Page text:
Giant panda Hao Hao eats bamboo leaves in its pen at Pairi Daiza animal park in Brugelette, Belgium, April 15, 2014. GETTY IMAGES/JOHN THYS/AFP

Belgium’s Pairi Daiza zoo announced Thursday that a giant panda has given birth. This comes just three months after Chinese experts tried to artificially inseminate the panda.

Mother Hao Hao and her mate Xing Hui arrived in Belgium two years ago with the help of the Chinese government, the Associated Press reported.

Panda caretaker Tania Stroobant smiles inside the panda maternity of the Pairi Daiza animal park of Brugelette on the day of the announced of the pregnancy of giant panda Hao Hao, May 18, 2016. GETTY IMAGES/ALEXIS TAMINIAUX/AFP

The zoo distributed a photograph of the pink, hairless cub being held in its 6-year-old mother's jaws. The “probable” pregnancy was announced two weeks ago, according to Reuters.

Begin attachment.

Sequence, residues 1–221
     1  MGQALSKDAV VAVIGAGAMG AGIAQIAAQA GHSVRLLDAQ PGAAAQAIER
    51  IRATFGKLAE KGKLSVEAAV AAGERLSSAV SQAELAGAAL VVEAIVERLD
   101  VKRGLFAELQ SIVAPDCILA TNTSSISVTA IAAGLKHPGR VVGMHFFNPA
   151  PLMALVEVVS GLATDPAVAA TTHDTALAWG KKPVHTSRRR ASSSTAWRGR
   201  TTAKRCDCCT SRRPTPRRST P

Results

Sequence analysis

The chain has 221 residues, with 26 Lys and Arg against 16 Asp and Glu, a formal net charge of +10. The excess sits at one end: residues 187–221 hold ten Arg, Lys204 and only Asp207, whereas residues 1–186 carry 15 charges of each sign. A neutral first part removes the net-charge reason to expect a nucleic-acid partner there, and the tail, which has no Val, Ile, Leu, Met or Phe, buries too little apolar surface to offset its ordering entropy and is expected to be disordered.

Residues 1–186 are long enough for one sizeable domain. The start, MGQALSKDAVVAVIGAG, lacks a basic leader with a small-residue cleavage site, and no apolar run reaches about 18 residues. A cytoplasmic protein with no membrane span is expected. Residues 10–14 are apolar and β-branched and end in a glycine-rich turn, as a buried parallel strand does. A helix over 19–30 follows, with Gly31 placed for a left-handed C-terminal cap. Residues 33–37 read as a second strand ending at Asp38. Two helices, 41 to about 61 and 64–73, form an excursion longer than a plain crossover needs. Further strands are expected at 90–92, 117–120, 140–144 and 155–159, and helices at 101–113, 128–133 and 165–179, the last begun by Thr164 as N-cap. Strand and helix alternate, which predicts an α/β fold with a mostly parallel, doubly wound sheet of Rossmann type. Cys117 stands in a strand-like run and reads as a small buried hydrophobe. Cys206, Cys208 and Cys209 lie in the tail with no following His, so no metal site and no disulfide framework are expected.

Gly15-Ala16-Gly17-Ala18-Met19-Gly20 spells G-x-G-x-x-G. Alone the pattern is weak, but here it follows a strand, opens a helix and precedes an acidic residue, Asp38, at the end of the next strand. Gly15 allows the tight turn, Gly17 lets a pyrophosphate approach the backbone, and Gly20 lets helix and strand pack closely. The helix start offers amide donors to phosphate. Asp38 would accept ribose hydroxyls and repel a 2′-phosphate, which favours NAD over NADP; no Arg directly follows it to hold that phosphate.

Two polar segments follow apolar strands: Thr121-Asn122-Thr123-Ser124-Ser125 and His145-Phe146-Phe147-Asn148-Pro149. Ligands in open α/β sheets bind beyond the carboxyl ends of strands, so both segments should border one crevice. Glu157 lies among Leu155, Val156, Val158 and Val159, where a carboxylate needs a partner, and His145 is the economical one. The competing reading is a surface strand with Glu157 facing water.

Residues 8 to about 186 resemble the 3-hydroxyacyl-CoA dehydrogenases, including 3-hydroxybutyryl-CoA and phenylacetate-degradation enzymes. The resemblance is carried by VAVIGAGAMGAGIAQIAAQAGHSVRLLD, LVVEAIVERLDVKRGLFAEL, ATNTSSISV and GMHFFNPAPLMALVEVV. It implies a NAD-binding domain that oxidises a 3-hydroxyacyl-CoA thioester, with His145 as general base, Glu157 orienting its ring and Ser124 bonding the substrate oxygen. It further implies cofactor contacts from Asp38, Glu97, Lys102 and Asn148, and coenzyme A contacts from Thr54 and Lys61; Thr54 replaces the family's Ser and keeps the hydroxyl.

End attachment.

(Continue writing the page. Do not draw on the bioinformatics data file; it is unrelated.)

The zoo said this is a rare event for the endangered species whose numbers are fewer than 2,000 worldwide. It also went ahead to call the birth “a true miracle.”

A spokeswoman, however, reportedly declined to specify the name or sex of the baby panda.

More than 300 pandas currently live in zoos, mostly in China, in an effort to save the species that has been facing a severe loss of habitat due to human encroachment. According to the World Wide Fund for Nature, a survey in 2014 found the number of giant pandas living in the wild has almost doubled to 1,864 since the late 1970s and is up 17 percent in a decade.

Belgium is reportedly the third country in Europe where a panda has been born. Previously, Austria and Spain have been credited with successful reproduction of the species.